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[DZone Research] How Developers Use the Cloud

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[DZone Research] How Developers Use the Cloud

In this post, we take a look at some data from our 2018 Guide to Cloud survey, honing in on how our respondents told us they use cloud technology.

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This article is part of the Key Research Findings from the DZone Guide to Cloud: Serverless, Functions, and Multi-Cloud.

Introduction

For this year's DZone Guide to Cloud, we surveyed 739 software professionals from across the IT industry, asking them questions on various topics about cloud technology. In this article, we focus on the data we received around how developers actually use the cloud in their day-to-day work as programmers. 

VMs, CPU, Deployment, and Cloud Native

77% of respondents have deployed web applications in a cloud environment and 62% have deployed enterprise apps in the cloud. These proved to be the two most popular answers among respondents and will thus form the basis of our comparative inquiries in this section. But first, we need to understand how developers use the cloud.

When it comes to configuring cloud virtual machine instances, 69% of respondents optimize for CPU, 68% for memory, and 44% for storage volume. Given the steep drop between the percentages for memory and storage volume, it seems that respondents’ main concerns when it comes to cloud VM optimization are compute and memory. To house these functions, 61% of respondents told us their organization uses a single cloud, rather than a multi-cloud, environment. Once configured, a large majority of respondents use their cloud platforms fairly evenly between three stages of the SDLC: production/deployment (74%), development (65%), and testing/QA (62%).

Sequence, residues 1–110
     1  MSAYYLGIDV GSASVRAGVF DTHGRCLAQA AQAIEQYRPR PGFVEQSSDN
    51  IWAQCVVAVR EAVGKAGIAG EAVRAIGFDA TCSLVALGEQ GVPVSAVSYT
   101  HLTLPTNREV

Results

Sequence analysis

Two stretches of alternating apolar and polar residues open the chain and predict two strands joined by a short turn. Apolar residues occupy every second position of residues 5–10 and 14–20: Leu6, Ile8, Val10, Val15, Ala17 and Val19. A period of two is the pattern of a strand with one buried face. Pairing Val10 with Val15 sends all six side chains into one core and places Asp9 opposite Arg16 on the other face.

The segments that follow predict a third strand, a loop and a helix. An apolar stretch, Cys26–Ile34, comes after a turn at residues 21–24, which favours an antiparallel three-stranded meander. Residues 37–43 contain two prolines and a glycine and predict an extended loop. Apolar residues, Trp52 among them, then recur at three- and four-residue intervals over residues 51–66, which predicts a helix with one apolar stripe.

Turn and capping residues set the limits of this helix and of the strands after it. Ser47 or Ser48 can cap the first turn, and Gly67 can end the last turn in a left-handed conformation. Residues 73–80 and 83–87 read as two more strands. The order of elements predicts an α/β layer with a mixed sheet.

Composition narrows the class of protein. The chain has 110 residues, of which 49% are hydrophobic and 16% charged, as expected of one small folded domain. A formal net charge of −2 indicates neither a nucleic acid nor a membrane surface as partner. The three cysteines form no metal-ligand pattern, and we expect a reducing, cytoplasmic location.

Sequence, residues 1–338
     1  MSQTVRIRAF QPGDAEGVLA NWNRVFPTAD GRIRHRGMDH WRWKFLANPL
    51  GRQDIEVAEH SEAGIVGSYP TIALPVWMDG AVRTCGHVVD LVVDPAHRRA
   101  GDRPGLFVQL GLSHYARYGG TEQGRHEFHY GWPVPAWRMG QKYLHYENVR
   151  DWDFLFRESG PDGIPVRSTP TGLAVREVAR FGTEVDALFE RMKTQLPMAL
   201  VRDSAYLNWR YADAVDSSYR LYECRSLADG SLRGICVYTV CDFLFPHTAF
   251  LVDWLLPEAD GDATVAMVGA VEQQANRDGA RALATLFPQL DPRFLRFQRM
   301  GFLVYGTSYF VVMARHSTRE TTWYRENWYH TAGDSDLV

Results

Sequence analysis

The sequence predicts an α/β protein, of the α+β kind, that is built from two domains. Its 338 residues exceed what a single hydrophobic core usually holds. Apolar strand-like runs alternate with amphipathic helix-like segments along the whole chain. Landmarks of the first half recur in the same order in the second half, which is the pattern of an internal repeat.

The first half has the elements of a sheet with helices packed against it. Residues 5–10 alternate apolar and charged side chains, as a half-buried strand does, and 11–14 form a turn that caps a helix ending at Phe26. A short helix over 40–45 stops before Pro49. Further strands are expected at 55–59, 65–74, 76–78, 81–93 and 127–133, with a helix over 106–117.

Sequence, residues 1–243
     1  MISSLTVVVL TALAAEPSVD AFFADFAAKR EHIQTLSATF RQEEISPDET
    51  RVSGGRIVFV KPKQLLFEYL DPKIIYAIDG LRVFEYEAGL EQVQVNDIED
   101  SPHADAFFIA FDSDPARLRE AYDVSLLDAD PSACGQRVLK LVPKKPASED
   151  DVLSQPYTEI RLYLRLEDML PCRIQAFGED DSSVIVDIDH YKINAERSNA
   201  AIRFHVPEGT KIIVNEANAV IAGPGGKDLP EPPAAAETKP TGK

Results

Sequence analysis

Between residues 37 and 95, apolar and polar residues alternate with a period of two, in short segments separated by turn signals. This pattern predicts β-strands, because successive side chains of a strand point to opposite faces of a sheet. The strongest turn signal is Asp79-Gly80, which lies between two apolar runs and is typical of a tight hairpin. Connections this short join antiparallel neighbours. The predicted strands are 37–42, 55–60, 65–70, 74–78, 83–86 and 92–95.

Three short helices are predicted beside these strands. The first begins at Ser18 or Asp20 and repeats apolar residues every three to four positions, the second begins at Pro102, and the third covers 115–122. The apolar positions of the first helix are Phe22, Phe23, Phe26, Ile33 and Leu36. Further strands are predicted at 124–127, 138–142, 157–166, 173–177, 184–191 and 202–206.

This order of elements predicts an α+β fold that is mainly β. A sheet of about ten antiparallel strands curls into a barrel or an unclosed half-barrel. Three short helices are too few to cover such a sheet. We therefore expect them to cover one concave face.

If we compare these numbers to those for respondents who have deployed web and enterprise applications in the cloud, a trend of unanimity appears. For respondents who have deployed web applications in the cloud, when it comes to configuring cloud VMs, CPU (75%) and memory (74%) proved by far the most important. And for respondents who have deployed enterprise applications in the cloud, again, CPU (77%) and memory (75%) took the cake. Thus, it appears that across application types (for our respondents, at least), the cloud’s most powerful and pertinent characteristics are the computing power of the virtual processors contained in a particular cloud solution as well as its ability to store large amounts of data.

When it comes to developing applications specifically for the cloud, we see much the same pattern. When asked if their company develops cloud-native applications, 46% said “yes” and 41% responded “no.” For those developers who have deployed web applications on the cloud, 50% work for organizations that develop cloud-native applications; and 52% of respondents who have deployed enterprise applications on the cloud work for organizations that create cloud-native applications. Interestingly, despite these fairly high numbers in favor of cloud-native development, the percent of survey-takers who use cloud development to target mobile device clients proved low. 39% of respondents told us that between 1-25% of their cloud development efforts are geared toward mobile, and 21% said none of their cloud dev efforts are aimed at mobile clients.

Conclusion

Now that we've seen how developers prefer to use the cloud, in our next post we'll discuss the platforms, frameworks, and container environments our respondents love. 

What's your favorite part of developing in the cloud and what aspect of developing in the cloud just drive you crazy? We'd love to hear down in the comments. 

This article is part of the Key Research Findings from the DZone Guide to Cloud: Serverless, Functions, and Multi-Cloud.

Join us in exploring application and infrastructure changes required for running scalable, observable, and portable apps on Kubernetes.

Topics:
cloud ,dzone research ,virtual machines ,cloud cpu ,cloud development

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